Artwork by Yogesh Murkute
There is something personal about a postcard that beats the privacy of finger print-protected smartphones. Beyond the message, it carries a glimpse of its sender's personality — the slant of letters, the choice of ink, the pressure on the pen, even the state of mind when the postcard was written. But that's a thing of the past, and attempts at reviving the use of postcards have enjoyed only limited success.
But what if postcards became an artist's canvas, each portraying the unique style of its creator? Post Age, an exhibition inaugurated in the city on Monday, brings back the romance of the medium by roping in 150 artists from across India to paint on postcards.
Artwork by Brinda Miller
"We may be communicating a lot more today, with the remotest corner of the world made accessible by email and instant messengers, but our communication lacks soul. The backspace button has put a filter to our emotions, and little of what we write is spontaneous," shares co-curator and sculptor Anand Prabhudesai. The contributing artists include Brinda Miller, KR Santhana Krishanan, Bina Aziz, Nikhil Purohit, Suryakant Lokhande and Debasish Dutta, among others. "These artists have used paper cuttings, lamination, thread and even sealants on postcards," says Prabhudesai. On the penultimate day of the exhibition, Chitrakaranche Patre, an audio-visual presentation will take viewers through the curatorial process behind the exhibition.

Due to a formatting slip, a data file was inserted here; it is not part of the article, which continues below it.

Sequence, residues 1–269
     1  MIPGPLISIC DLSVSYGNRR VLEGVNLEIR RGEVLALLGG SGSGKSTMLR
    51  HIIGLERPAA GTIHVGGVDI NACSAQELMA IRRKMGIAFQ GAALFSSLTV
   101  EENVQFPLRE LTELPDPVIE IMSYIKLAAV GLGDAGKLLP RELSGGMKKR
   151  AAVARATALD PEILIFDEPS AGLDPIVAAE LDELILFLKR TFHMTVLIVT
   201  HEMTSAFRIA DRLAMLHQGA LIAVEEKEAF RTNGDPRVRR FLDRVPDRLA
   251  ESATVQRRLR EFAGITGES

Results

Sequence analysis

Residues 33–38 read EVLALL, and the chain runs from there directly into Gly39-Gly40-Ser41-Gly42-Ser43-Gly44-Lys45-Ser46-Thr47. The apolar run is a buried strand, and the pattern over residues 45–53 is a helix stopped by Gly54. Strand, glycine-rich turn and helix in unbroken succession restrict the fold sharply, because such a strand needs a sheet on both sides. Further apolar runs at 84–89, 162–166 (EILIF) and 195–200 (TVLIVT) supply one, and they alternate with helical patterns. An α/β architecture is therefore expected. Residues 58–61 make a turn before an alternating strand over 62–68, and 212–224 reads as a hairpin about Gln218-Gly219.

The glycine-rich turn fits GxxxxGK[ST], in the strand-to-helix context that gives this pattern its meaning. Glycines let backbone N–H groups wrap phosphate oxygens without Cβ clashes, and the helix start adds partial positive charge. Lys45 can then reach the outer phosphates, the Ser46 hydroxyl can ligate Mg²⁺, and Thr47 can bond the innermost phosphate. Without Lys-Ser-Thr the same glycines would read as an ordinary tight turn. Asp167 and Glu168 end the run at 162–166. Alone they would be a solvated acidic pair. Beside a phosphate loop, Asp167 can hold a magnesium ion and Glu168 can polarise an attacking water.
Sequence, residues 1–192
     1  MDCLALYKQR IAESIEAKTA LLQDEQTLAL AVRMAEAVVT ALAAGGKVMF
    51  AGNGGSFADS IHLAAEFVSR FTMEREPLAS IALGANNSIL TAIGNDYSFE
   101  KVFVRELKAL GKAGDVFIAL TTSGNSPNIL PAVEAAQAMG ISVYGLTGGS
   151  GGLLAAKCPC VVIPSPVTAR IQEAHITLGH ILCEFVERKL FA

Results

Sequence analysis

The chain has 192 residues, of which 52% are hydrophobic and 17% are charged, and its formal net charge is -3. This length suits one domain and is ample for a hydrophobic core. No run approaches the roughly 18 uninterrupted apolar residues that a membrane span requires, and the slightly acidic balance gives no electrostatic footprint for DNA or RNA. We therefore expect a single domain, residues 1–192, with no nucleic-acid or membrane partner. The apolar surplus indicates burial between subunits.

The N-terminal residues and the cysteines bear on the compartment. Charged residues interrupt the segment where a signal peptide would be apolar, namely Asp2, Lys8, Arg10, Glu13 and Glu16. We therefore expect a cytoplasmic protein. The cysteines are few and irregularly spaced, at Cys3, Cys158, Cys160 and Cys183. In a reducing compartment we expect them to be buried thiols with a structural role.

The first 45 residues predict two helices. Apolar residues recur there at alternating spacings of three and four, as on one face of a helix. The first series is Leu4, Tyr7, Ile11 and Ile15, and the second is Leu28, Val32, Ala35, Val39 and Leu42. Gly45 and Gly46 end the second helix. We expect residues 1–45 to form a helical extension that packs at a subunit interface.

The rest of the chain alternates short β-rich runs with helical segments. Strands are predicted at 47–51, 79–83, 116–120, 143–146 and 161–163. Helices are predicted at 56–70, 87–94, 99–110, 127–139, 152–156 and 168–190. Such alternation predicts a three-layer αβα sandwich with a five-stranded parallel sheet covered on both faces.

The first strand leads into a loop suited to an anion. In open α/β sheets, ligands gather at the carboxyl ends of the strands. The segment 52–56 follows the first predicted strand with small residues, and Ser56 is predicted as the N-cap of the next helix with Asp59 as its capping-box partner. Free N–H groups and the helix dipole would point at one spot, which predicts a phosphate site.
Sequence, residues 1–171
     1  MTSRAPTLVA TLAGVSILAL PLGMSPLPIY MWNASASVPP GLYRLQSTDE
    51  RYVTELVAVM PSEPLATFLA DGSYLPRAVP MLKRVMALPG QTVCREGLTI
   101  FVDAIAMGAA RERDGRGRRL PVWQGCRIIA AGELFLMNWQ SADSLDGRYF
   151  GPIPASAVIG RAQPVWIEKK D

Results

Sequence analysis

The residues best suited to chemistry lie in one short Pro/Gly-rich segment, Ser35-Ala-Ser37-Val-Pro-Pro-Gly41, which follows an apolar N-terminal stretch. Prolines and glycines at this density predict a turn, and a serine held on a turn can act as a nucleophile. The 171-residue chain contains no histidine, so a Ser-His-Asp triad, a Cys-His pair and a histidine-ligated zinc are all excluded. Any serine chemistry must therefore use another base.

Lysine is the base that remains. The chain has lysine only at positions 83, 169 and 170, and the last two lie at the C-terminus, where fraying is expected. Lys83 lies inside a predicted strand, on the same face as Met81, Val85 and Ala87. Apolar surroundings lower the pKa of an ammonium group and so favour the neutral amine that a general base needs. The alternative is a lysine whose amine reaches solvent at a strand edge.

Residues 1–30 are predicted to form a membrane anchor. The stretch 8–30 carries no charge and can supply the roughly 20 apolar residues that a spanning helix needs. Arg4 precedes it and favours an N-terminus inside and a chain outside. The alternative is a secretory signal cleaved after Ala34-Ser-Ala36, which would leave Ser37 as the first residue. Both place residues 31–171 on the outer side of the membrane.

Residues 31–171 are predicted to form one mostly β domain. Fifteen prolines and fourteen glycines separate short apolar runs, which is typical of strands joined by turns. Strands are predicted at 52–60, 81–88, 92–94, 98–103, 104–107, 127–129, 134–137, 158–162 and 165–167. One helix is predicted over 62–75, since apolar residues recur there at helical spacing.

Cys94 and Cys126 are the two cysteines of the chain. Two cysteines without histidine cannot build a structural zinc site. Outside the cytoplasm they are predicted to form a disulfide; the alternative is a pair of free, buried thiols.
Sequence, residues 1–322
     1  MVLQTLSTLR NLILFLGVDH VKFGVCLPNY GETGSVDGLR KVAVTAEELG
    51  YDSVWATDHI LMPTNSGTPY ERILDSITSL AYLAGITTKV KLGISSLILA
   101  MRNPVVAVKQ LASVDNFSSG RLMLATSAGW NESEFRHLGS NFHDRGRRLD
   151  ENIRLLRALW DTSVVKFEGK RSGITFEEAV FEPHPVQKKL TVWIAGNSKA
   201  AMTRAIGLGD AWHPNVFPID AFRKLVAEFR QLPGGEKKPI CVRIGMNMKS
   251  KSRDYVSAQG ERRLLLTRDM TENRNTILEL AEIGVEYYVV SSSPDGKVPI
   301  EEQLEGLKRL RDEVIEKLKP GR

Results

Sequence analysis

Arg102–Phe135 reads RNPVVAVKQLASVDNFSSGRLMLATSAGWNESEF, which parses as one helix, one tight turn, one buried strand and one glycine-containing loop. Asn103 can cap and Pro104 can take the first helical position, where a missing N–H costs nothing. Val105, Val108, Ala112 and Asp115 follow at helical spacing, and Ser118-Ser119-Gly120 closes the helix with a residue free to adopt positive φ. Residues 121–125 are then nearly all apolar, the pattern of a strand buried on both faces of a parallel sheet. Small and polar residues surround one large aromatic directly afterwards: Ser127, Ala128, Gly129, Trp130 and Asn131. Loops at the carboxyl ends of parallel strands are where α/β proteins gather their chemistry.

The venue is a special one, too. The 60-year-old Artists' Centre in Kala Ghoda was once a studio space frequented by MF Husain, SH Raza, FN Souza and other modern artists of the Bombay Progressive Artists' Group. A non-profit organisation, the venue now hosts exhibitions at much lower rates than other galleries in the city.